Sign up For DC 37 News


Public Employee Press: PEP Talk

DC 37 electoral push pays off in key state races

Photo by Mike Lee
DC 37 members and activists came out to support Governor Kathy Hochul at a rally in Downtown Brooklyn on Nov. 5.

The union’s vaunted “Green Machine” accomplished its mission.

In a contentious election, and with no time to waste, DC 37 members played an integral role in getting out the vote for New York’s statewide and local candidates, including for Gov. Kathy Hochul who faced a stiff challenge from former U.S. Congress member Lee Zeldin, and for New York Assembly and Senate races.

To blunt the predicted “red wave” of Republican voters, DC 37 was out in force on the city’s streets engaging with the public, passing out literature, and attending rallies in Manhattan’s Inwood neighborhood and in Brooklyn. The Political Action team doorknocked and phone banked union households to ensure voter turnout.

Labor and progressive activists did their jobs by taking the gauntlet against what had been seen as long odds in some races. In the vast majority of elections, DC 37-endorsed candidates won. Along with Hochul, who is now the state’s first female to be elected governor of New York, Brooklyn-born U.S. Senator Chuck Schumer was re-elected in a relatively easy race to continue his leadership of a now narrow Democratic majority in the U.S. Senate.

New York State Attorney General Letitia James and Comptroller Thomas DiNapoli also won, along with victories by the city’s Democratic Party incumbents in the U.S. House of Representatives and most State Assembly and Senate seats. Although Democrats still hold the majority, the close governor’s race and flipping of several seats in Brooklyn and Long Island signal the fight for pro-union and pro-worker elected officials is far from over.

With the general election behind, the union expects results.

“Now that we have done our job in these trying circumstances, we urge Governor Hochul and the State Legislature to do theirs,” said DC 37 Executive Director Henry Garrido. “November was only one battle. Moving forward into next year’s budget, we expect action on the priorities of New York’s working families.”

At the top of the union’s list is the HEAL Act, which reforms the process of securing contracts with private health care hospital systems and ends restrictions on the disclosure of claims and pricing in health care. Strongly backed by a coalition of New York labor unions, including DC 37 and 32BJ, the HEAL Act was passed by the Legislature this year and expected to go into effect in 2023.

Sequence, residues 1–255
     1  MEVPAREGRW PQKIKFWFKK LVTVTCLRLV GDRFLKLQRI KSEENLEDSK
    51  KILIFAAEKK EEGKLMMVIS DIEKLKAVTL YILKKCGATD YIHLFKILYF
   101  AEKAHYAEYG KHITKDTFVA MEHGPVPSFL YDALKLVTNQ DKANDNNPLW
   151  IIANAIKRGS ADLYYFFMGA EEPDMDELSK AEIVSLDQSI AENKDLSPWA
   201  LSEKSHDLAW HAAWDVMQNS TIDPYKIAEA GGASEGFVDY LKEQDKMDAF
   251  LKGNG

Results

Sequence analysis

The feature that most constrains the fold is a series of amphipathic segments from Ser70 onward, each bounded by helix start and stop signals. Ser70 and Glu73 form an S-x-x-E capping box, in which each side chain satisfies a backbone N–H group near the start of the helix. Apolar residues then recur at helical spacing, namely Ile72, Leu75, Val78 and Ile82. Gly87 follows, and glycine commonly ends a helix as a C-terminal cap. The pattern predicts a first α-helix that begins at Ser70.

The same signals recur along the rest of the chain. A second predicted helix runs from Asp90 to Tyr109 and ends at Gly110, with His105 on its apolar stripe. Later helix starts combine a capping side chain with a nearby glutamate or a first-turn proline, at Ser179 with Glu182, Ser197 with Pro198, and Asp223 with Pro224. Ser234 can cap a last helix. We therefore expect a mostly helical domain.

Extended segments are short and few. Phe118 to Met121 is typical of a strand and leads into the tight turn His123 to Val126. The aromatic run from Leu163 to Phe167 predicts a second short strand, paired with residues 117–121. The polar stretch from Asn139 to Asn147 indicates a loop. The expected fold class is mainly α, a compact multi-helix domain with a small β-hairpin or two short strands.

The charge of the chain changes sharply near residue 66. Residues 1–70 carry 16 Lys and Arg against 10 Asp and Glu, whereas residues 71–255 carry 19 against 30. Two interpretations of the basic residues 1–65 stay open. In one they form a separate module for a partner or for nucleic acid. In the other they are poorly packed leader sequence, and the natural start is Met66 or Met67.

Other union priorities include robust funding of Health+Hospitals, child care, and economic support to help New York recover from the COVID-19 pandemic.

By overwhelming numbers, New York City voters backed four important Bond and City Charter initiatives that will build a new foundation toward a better future.

Proposal 1: Environmental Bond Act of 2022
This proposal allows New York State to issue bonds to pay for specific environment-related projects. The money would be used for climate resiliency, clean energy, and improvements to stormwater systems across the state.

Proposal 2: Statement of Values to Guide Government
This proposal adds an introductory statement to the New York City Charter that notes the City’s values and vision aspiring toward “a just and equitable city for all” New Yorkers and includes a statement that the City must strive to remedy “past and continuing harms and to reconstruct, revise, and reimagine our foundations, structures, institutions, and laws to promote justice and equity for all New Yorkers.” The purpose of the new preamble is to guide the City government in fulfilling its duties.

Proposal 3: Establish a Racial Equity Office, Plan, and Commission
This proposal creates an Office of Racial Equity with a Chief Equity Officer, establishes a Commission on Racial Equity, and requires city government and city agencies to produce Racial Equity Plans every two years.

Proposal 4: Cost of Living
This proposal creates an index called the “True Cost of Living Measure” and requires city government to report the cost each year. The index will track the actual cost in New York City of meeting essential needs like housing, food, child care, transportation, and other necessary costs. The index will assist the city in making decisions about programs and policies.